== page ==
USDA on Thursday expanded the agricultural commodities that can apply for aid under the Coronavirus Food Assistance Program (CFAP).
Farmers who grow apples, blueberries, garlic, potatoes, raspberries, tangerines and taro can now apply for funds under the CARES Act because USDA determined they had losses of greater than a 5% price decline between mid-January and mid-April as a result of COVID-19. Farmers of those crops can apply for assistance with USDA starting July 13.
USDA also has corrected the payment rates for apples, artichokes, asparagus, blueberries, cantaloupes, cucumbers, garlic, kiwifruit, mushrooms, papaya, peaches, potatoes, raspberries, rhubarb, tangerines and taro. Peaches and rhubarb no longer qualify for payment under the CARES Act for lost sales, USDA stated.
USDA also added the following commodities to the program for farmers to apply for direct aid: alfalfa sprouts, anise, arugula, basil, bean sprouts, beets, blackberries, Brussels sprouts, celeriac (celery root), chives, cilantro, coconuts, collard greens, dandelion greens, greens (others not listed separately), guava, kale greens, lettuce – including Boston, green leaf, Lolla Rossa, oak leaf green, oak leaf red and red leaf – marjoram, mint, mustard, okra, oregano, parsnips, passion fruit, peas (green), pineapple, pistachios, radicchio, rosemary, sage, savory, sorrel, fresh sugarcane, Swiss chard, thyme and turnip top greens.
As of July 6, USDA had paid out $5.36 billion under the CFAP to 365,262 producers. Cattle, dairy, corn, hogs and soybeans are the largest commodities for claims.
USDA is accepting applications for CFAP funds through Aug. 28.
More information can be found at https://www.farmers.gov/…
USDA Accepts Acres for CRP Grasslands
The Farm Service Agency announced Thursday it had accepted 1.2 million acres in the Conservation Reserve Program during a signup period that ended May 15.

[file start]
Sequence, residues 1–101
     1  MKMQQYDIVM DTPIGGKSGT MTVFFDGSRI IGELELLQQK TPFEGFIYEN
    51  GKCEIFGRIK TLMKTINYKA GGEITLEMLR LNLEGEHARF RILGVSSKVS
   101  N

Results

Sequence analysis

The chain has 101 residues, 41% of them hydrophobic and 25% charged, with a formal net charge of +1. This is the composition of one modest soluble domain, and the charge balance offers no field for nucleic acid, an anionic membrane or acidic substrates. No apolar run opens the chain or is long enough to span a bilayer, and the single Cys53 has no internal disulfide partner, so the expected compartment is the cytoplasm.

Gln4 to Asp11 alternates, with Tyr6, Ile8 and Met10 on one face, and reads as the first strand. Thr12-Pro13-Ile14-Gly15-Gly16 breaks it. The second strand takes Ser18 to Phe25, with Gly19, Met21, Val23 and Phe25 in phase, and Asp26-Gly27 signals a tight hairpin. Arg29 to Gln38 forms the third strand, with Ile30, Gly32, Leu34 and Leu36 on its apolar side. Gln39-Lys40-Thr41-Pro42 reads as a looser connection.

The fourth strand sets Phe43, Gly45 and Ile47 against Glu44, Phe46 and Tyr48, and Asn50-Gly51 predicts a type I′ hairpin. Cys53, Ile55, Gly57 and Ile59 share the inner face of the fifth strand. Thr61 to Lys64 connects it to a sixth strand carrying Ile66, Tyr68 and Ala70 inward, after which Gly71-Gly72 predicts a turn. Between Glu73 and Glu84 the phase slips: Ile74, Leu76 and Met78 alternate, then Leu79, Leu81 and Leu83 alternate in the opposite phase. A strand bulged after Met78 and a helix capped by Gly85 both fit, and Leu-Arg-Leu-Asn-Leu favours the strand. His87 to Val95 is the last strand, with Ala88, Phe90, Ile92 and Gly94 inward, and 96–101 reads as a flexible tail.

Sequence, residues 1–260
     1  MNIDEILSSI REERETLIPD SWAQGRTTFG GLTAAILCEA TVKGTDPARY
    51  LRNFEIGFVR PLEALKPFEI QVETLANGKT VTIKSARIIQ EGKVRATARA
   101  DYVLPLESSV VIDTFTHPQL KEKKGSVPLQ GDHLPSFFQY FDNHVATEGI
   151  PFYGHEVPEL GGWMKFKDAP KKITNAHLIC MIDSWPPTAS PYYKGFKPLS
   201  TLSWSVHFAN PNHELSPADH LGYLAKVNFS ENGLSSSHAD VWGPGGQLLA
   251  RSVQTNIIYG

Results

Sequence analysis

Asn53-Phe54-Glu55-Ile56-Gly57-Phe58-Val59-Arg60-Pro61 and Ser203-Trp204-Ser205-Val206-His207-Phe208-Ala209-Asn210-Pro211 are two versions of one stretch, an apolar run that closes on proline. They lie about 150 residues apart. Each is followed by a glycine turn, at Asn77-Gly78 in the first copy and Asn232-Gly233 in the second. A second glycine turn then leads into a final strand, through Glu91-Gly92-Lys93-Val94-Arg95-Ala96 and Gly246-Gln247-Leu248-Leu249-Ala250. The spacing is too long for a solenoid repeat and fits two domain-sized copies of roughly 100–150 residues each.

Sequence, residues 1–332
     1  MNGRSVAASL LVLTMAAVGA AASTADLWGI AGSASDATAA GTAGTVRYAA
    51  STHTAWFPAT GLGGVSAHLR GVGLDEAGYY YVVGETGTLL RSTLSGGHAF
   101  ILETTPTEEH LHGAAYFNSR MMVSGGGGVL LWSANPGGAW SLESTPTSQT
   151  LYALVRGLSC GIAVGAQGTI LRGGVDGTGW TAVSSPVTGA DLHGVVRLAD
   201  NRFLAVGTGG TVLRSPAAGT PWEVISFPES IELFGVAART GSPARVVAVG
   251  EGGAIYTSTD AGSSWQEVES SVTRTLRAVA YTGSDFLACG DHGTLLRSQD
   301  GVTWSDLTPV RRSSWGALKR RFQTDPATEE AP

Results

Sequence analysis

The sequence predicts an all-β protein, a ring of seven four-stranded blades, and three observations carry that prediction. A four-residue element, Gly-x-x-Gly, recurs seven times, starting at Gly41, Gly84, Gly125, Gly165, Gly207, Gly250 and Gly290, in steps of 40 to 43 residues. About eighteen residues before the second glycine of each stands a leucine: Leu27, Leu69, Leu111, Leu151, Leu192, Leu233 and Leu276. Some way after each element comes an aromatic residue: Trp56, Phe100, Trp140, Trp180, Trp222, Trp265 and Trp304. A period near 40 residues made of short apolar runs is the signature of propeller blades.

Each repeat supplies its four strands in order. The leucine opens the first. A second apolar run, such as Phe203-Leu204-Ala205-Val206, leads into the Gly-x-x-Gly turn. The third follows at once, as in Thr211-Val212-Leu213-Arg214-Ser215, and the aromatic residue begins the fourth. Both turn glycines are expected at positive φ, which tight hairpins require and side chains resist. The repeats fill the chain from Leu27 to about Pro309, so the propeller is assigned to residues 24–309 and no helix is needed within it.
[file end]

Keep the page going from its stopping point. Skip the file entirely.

Landowners signing up for the CRP Grasslands program receive an annual rental payment and also can receive up to a 50% cost share for adding approved conservation practices. The CRP contract and run 10 to 15 years. The 2018 farm bill set aside at least 2 million acres for CRP Grasslands enrollment. USDA states that on Oct. 1, 2020, the program will have 2.1 million acres enrolled.
“This large and unprecedented enrollment is a reflection of the popularity and importance of CRP Grasslands,” said FSA Administrator Richard Fordyce. “The program emphasizes support for grazing operations and plant and animal biodiversity while protecting land under the greatest threat of conversion or development.”
CRP Grasslands can be used for rangeland and pasture while also allowing common grazing practices such as haying, mowing or harvesting seed from the land. Timing on some activities can be restricted depending on primary nest seasons for birds.
Legislation on COVID-19 and Food Supply
At least two bills were filed in Congress on Thursday tied to changing some practices at USDA related to COVID-19.
Reps. Marcia Fudge, D-Ohio, Rosa DeLauro, D-Conn., and Bennie Thompson, D-Miss., introduced the Safe Line Speeds in COVID-19 Act to slow down line speeds for cattle, pork and poultry slaughter. The bill would restrict the speeds in which packing plants can process meat.
USDA has come under criticism because the department continued approving waivers for speeding up line speeds at poultry plants as coronavirus outbreaks were hitting packing plants in April. A news release backing the legislation also points out the National Employment Law Project found the waivers led to increased injuries for worker and more work-safety violations.
The Safe Line Speeds in COVID-19 Act would also require the Government Accountability Office (GAO) to conduct a review of actions by the USDA and the U.S. Department of Labor in response to the pandemic to determine effectiveness of such actions in protecting animal, food and worker safety.
Another bill introduced comes from Rep. Dan Newhouse, R-Wash., the "American Farms, Food Banks and Families Act," that would focus on ensuring the food supply chain remains a national priority. The act would create a new position at USDA specifically focused on addressing issues with the domestic food supply chain. The "agriculture supply chain administrator" would identify regulatory or statutory barriers that could prevent or inhibit domestic growers from offering their product to the domestic market through food distribution entities; promoting the domestic supply chain; and connecting growers with surplus products with appropriate food distribution organizations, a news release states.
Chris Clayton can be reached at Chris.Clayton@dtn.com
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